}, function () {
                        //Probably want a more robust way to handle an error
                        //For this demo we'll set unique to true though
                        ngModel.$setValidity('unique', true);

The code within the link function starts off by binding to the blur event of the element. I didn’t want to call back to the server every time a user enters something so blur worked out well in this situation. Once the blur event fires the attributes of the element are accessed. Specifically the value assigned to the wcUnique directive is accessed. AngularJS’s $eval() function is used to convert the value into an object literal that is assigned to a keyProperty variable. Here’s what the keyProperty value looks like:

{key:, property: 'email'}

The key represents the unique key for the customer object (ultimately the unique identifier for the record). This is used so that we exclude the current customer when checking for a unique value across customers. The property represents the name of the customer object property that should be checked for uniqueness by the back-end system.

Once the keyProperty variable is filled with data, the key and property values are passed along with the element’s value (the value of the textbox for example) to a function named checkUniqueValue() that’s provided by the factory shown earlier. This triggers an Ajax call back to the server which returns a true or false value. Once the value is returned from the back-end service it’s used in a call to ngModel.$setValidity(). As mentioned earlier, ngModel represents a special object which is an ngModelController (you can think of it as a little mini-controller used for data binding, validation, and other functionality) that’s created due to the presence of the ngModel directive shown next. It can be used to determine if a value bound to a control is dirty and if it’s valid or not.

<input type="email" name="email"
    data-wc-unique="{key:, property: 'email'}"
    required />

The $setValidity() function is a built-in AngularJS function that is used to assign a key/value combination that can be used to check the validity of a specific model value. The key in this case is “unique” and the value is either true or false. When the $setValidity() function is called, the unique value is added to an $error object that can be used to check if a value is valid or not.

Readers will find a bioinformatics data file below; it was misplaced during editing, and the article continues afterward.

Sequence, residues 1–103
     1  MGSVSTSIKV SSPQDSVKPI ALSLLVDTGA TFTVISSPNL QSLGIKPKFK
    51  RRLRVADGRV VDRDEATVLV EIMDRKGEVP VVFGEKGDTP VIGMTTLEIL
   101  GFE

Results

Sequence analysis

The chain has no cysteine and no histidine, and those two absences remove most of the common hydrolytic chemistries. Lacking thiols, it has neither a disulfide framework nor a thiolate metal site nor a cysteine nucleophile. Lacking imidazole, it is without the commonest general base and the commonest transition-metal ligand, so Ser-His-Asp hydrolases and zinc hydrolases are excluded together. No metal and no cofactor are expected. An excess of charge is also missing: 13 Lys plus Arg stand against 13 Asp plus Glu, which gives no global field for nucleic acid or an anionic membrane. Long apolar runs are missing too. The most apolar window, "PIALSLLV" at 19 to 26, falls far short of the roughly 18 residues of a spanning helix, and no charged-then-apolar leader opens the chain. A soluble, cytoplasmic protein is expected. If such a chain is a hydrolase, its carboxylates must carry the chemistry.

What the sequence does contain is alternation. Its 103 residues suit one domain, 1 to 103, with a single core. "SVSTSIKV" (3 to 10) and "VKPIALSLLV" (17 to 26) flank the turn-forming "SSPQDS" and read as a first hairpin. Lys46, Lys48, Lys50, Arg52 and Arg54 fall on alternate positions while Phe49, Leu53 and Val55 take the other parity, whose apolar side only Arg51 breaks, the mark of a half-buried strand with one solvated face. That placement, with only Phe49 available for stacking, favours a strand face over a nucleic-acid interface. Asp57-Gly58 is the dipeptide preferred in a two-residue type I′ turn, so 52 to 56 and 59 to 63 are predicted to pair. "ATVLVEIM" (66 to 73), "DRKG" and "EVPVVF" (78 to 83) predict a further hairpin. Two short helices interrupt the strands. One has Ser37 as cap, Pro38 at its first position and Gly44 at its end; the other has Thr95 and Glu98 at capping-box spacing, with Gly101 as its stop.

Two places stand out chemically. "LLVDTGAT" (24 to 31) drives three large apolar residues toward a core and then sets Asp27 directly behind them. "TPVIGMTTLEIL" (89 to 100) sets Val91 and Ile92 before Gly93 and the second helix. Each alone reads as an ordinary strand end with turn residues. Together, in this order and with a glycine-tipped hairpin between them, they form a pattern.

Showing error messages

The unique property added to the $error object can be used to show and hide error messages. In the previous section you saw that the $error object is updated but how do you access the $error object? When using AngularJS forms, a name attribute is typically added to the <form> element as shown next:

<form name="editForm">

The editForm value causes AngularJS to create a child controller named editForm that is associated with the current scope. In other words, editForm is added as a property of the current scope (the scope originally created by your controller). The textbox shown earlier has a name attribute value of “email” which gets converted to a property that is added to the editForm controller. It’s this email property that gets the $error object. Confusing? Let’s look at an example of how we can check the unique value to see if the email address is unique or not which should clear things up:

<input type="text" name="email"
    data-wc-unique="{key:, property: 'email'}"
    required /> 
<span class="errorMessage" ng-show="$dirty &&$error.unique">
    Email already in use

Notice that the ngShow directive checks the editForm property of the current scope and then drills down into the email property. It checks if the value is dirty and if the $error.unique value is true or false. The unique value was set using the $setValidity() function shown earlier. If the value is dirty and the unique value is false then the span is hidden. If it’s dirty and the unique value is true then the contents of the span are shown and the user sees that they need to enter a different email address. The end result is the red error message shown next:



Directives provide a great way to encapsulate functionality that can be used in views. In this post you’ve seen a simple AngularJS unique directive that can be applied to textboxes to check if a specific value is unique or not and display a message to the user. To see the directive in an actual application check out the Customer Manager sample application at

Topic: Development